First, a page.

message 12: by Nike (last edited Jun 24, 2012 12:31AM) (new)

Nike Chillemi I think it's hard for people who were not born into Christianity to read books about people who were...and I have to add...all the time. It's OK to read novels where everyone's dad was a leader in the church sometimes.

I wasn't born in the church. It's not that I have such a sordid past in terms of what the world calls sordid. I've never had teen groupie sex, my husband doesn't beat me or cheat on me or rape me,I wasn't neglected by my parents though they were plenty neurotic, there was no incest, and most of the other stuff in that novel. My teens have huge problem. They were adopted at ages 6, 7, and 9 and were classified "hard to adopt." Some of those things happened in their bio-home. They've got heavy-duty issues.

Even though none of those things happened to me, I don't relate at all to a typical Christian home. None of my adopted children particularly want to follow Christ. They can be obnoxious about it. I grew up in a home where there was virtually no knowledge of Christianity.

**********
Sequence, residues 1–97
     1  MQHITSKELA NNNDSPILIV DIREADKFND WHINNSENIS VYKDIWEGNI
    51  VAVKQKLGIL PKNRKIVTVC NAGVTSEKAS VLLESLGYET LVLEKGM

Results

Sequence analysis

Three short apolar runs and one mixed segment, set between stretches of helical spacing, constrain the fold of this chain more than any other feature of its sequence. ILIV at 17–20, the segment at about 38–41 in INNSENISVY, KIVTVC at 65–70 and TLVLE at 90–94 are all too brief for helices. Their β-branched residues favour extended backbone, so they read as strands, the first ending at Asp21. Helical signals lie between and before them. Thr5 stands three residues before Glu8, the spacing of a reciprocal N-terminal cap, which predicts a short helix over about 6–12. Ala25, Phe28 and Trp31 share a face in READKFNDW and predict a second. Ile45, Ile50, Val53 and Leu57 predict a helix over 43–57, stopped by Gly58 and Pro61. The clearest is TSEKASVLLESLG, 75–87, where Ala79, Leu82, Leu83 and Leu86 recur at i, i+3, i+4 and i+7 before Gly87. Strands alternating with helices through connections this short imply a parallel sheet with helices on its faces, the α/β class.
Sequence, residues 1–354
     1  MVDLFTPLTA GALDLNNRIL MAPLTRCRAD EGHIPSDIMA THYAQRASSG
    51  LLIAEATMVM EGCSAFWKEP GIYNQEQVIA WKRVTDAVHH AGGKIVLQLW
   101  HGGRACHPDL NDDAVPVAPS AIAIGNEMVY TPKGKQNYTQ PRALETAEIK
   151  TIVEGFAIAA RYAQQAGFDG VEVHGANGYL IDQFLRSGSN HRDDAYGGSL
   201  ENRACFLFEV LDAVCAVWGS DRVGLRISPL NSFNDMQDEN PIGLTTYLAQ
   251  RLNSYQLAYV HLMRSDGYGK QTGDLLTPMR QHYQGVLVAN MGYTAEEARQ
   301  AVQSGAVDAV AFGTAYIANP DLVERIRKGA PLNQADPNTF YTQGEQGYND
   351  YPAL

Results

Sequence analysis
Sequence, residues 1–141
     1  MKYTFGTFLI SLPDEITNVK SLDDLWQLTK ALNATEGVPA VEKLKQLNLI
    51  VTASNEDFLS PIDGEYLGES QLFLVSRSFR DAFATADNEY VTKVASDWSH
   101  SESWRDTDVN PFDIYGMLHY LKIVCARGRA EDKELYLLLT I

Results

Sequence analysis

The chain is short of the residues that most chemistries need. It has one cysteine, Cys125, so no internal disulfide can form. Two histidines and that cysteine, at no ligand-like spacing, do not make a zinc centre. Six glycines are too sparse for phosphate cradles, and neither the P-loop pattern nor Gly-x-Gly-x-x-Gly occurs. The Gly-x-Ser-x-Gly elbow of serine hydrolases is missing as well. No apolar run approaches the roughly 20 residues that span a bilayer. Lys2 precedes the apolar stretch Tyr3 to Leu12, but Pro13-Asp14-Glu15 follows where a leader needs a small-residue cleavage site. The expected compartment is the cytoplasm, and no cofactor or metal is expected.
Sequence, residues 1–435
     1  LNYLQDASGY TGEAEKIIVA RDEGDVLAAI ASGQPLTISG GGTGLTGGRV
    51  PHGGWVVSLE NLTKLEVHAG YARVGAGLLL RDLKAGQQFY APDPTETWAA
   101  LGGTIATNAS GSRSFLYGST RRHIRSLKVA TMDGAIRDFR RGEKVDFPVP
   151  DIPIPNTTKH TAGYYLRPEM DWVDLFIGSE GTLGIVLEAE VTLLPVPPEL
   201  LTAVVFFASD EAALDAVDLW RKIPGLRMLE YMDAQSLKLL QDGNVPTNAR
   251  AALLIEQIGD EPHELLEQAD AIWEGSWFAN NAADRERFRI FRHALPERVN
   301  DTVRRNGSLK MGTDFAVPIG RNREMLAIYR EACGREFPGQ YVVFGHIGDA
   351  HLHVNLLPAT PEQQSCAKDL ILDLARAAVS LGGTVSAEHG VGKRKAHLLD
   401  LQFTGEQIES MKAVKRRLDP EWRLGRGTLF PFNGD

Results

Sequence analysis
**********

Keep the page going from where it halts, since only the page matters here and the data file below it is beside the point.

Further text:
message 13: by Mary (new)

Mary Findley | 15 comments Nike, it's true many are facing that situation. I did not grow up in a Christian home either, and I thank God a Christian family took me under their wings. They had their own set of problems. I just wonder if it's helpful to deal with all those problems in one story, a that really had no other plot or reason to exist.


message 14: by Michelle (new)

Michelle (michelle_sutton) | 55 comments Mod
Mary wrote: "Nike, it's true many are facing that situation. I did not grow up in a Christian home either, and I thank God a Christian family took me under their wings. They had their own set of problems. I jus..."

No other plot? Now that's messed up. I have a story about a girl who was taken in as a teen (informally) by a pastor and his wife because her mother was a mess. While that's her history and it drives her desire to marry a Christian man who wants to be a pastor, it's like maybe 2% of the book. I can't imagine a story where that is all the story is about. Sheesh.